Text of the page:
All large-scale agricultural activities undertaken by man have an impact on our environment. Our planet is being ravaged by man’s activities and those that have been watching A Perfect Planet by the environmental demi-god David Attenborough, cannot fail to be shocked by the consequences. Happily, the message that this situation cannot persist and that something has to be done about it, is getting through to more and more companies who are in a position to react.
In the world of wine, more and more producers are taking up the challenge of significantly reducing their carbon footprint and consequently protecting their local environment. The move towards organic wine production is growing apace, reducing chemical pollution and simultaneously making pure and authentic wines. More and more producers are going several steps further, such as Vina Ventisquero in Chile, which I talked about in last week’s column.
Back in the Northern Hemisphere, the Sicilian wine producer Purato has taken sustainability to heart and is one of the leading producers of organic wines and sustainability in this region. Not only is their entire range of wines certified organic, but they are also vegan friendly and their products have been certified Carbon Neutral. Going further than most, the bottles are made from 80 per cent recycled glass, the cardboard cartons are 100 per cent recycled cardboard and the labels are made with paper from responsible, sustainable, sources. I’m not sure about gold medals, but they certainly deserve a host of gold stars!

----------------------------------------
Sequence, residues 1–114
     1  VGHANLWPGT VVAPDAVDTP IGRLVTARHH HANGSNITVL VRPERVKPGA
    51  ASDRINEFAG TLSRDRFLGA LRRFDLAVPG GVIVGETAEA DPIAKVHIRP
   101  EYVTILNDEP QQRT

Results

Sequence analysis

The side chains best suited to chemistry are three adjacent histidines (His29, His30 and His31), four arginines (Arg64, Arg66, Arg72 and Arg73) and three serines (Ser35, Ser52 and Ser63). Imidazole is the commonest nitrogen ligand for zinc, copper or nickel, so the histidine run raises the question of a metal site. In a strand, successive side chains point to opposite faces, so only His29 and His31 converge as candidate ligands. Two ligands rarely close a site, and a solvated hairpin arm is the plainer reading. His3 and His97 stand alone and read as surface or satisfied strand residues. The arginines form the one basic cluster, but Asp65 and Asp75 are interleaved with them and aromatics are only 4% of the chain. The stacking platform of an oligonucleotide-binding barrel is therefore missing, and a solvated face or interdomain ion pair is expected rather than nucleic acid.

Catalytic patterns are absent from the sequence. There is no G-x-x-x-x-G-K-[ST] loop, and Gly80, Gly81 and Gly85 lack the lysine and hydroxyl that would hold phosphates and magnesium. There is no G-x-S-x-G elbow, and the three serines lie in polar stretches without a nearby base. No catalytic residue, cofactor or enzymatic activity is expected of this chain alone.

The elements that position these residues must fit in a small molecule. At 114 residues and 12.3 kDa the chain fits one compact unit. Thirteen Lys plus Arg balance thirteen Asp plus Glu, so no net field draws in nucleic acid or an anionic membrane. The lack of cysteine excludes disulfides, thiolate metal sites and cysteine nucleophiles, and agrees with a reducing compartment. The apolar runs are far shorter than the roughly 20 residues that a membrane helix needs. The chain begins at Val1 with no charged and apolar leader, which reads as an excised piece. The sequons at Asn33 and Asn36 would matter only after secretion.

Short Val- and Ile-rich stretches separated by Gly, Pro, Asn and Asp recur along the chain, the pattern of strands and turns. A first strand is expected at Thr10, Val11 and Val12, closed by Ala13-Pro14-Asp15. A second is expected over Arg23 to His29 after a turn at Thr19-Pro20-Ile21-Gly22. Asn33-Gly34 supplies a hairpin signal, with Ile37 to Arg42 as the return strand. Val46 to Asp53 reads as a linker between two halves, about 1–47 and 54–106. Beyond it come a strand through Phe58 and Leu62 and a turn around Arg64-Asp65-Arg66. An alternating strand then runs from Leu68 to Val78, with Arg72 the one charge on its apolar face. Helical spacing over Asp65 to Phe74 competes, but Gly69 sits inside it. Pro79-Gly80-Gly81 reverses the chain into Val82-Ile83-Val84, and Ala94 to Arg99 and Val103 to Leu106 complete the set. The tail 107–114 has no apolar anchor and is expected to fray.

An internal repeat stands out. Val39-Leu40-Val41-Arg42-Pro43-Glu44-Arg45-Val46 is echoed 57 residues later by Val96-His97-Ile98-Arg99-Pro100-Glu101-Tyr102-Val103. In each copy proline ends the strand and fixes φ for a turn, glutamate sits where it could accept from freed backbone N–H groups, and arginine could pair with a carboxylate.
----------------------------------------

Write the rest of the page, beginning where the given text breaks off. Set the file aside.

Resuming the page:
So what of the wines themselves? I remember first attempts at organic wine production some 40 or so years ago, leaving me seriously unimpressed. But techniques have changed out of all recognition and both organic and biodynamic (a step further) wines can now be quite outstanding. Last week I was invited to participate in a Zoom wine tasting, hosted in Italy by Stefano Girelli of Purato. The event was a great success, with all participants, including myself, finding the four wines presented to be well-made, well presented and utterly delicious.
These are easy-going, easy-drinking wines, designed to appeal to wine drinkers across the board. The white was a blend of 60 per cent Catarratto and 40 per cent Pinot Grigio, light, crisp and refreshing. A rosé – yes rosé – was pale in colour, with an aroma of fresh strawberries, made from local Nero d’Avola grapes. Don’t reserve rosé wines just for the summer: they are equally delicious with a winter pasta dish or pizza. The other two wines were reds and very different in style. First was a 100 per cent Nero d’Avola 2019, ripe and luscious from Sicily’s number one grape variety. Dark berry fruits and soft tannins. The other was a fabulous wine called ‘Siccari’, made by the appassimento, centuries’ old technique, where the grapes are left to dry naturally prior to fermentation. Deep, ruby colour, the aromas and flavours of dark plums, black cherries and raisins are intense, with a voluptuously soft, rich velvety finish on the palate. Proof positive that investment in protecting our planet can pay dividends. All the above wines are priced competitively between £8.50 and £10 from Ocado, Budgens, Amazon and certain independents.